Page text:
Firefighters do more than put out flames at people's homes. They also handle crashes and medical calls. Birmingham Fire & Rescue wants to put more people in uniform.
There are between 30 and 35 jobs up for grabs. Supervisors watched 270 people give their all in an attempt to become a firefighter. It takes more than filling out an application and knowing how to aim a fire hose.
Reginald Anderson knows what it takes to be a firefighter.
"First of all, you have to have the desire," said Assistant Chief Reginald Anderson.
He's gone into fires for 29 years. He's now an Assistant Chief who oversees training.
Anderson is helping Birmingham Fire & Rescue add to its ranks.
"We have to just go through it and make a good determination on who we think can best fit into our organization," added Anderson.
Working firefighters put firefighter hopefuls through five simulated tasks. Some include pulling hoses, dragging dummies, turning on hydrants, working pulleys and climbing stairs.
"It will test your endurance. They try to get you winded before you get there. By the time you get there, it's pretty tough," said Firefighter Hopeful Edron lane.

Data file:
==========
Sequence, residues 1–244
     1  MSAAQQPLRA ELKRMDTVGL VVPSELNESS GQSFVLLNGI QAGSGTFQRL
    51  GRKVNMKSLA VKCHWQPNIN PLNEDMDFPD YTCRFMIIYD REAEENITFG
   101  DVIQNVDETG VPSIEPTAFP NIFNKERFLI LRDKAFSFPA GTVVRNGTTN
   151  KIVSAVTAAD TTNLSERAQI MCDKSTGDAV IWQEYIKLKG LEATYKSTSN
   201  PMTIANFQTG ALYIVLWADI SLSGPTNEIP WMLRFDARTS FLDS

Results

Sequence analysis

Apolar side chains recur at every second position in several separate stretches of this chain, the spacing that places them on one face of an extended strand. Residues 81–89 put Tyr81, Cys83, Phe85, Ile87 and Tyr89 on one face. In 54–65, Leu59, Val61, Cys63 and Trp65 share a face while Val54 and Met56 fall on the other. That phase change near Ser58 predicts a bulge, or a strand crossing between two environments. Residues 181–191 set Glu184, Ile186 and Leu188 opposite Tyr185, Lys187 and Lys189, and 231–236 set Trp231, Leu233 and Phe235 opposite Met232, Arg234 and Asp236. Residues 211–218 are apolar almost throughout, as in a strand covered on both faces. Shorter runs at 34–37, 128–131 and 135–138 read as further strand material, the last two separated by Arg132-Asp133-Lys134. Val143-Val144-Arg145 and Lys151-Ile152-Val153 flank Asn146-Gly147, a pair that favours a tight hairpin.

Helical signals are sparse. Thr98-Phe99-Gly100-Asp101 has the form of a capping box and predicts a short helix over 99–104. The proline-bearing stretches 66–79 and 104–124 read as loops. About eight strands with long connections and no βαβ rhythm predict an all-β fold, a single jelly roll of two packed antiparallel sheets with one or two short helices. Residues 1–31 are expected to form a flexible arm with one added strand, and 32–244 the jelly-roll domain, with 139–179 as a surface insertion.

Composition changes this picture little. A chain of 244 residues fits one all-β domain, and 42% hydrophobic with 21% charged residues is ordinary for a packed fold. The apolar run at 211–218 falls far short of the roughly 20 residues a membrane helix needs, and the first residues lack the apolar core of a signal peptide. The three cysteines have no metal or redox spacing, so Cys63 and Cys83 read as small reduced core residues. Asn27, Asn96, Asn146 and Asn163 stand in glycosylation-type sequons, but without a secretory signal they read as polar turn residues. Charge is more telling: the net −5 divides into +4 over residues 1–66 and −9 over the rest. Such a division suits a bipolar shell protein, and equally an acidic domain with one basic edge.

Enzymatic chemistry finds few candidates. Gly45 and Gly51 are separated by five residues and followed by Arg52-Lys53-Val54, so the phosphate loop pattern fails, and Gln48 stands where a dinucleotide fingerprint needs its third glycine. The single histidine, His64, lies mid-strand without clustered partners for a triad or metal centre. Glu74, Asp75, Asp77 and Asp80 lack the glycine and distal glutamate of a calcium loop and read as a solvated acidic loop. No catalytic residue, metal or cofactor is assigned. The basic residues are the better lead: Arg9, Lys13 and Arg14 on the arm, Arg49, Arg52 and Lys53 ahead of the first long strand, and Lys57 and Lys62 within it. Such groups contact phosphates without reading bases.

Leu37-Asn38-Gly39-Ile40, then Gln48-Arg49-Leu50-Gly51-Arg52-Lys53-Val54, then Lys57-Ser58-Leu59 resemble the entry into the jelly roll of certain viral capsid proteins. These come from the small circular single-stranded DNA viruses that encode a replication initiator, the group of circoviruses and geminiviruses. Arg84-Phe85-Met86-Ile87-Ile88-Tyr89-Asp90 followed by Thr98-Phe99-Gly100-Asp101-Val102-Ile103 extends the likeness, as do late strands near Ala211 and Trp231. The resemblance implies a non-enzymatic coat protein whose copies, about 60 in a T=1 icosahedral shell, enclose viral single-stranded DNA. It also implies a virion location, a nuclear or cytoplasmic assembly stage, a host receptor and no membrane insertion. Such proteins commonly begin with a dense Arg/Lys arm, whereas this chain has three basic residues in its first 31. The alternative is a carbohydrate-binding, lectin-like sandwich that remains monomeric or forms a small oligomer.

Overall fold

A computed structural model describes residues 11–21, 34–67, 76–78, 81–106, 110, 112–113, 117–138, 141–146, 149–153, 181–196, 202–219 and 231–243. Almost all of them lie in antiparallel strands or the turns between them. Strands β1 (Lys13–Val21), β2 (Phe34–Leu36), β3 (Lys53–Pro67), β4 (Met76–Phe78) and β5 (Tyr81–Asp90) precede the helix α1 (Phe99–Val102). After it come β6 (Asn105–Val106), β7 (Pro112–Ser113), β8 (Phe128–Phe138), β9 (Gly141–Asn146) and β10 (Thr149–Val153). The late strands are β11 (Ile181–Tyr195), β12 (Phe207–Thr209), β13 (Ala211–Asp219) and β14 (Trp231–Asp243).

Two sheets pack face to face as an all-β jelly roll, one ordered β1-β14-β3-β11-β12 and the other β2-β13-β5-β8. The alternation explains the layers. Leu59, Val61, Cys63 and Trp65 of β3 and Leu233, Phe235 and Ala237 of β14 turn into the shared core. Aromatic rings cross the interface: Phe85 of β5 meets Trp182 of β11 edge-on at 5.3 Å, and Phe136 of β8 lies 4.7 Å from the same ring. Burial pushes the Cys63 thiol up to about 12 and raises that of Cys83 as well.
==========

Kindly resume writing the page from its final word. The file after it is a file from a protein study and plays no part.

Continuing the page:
Tough is a good word to use when describing how departments work to keep emergency medical technicians.
"That's a lot of what we do right now. We have 16 rescue units. We make a lot of emergency runs," added Anderson.
Jennifer Norwood works on an ambulance. She wants to grow into a career of putting out fires.
"It doesn't scare me one bit. I might be little. But, I love it," said Firefighter Hopeful Norwood.
Firefighter hopefuls also have interviews and a physical fitness test. A long-time firefighter told ABC 33/40 climbing the ladder is the hardest part.
Supervisors will hand over results to the Jefferson County Personnel Board who decides who is hired.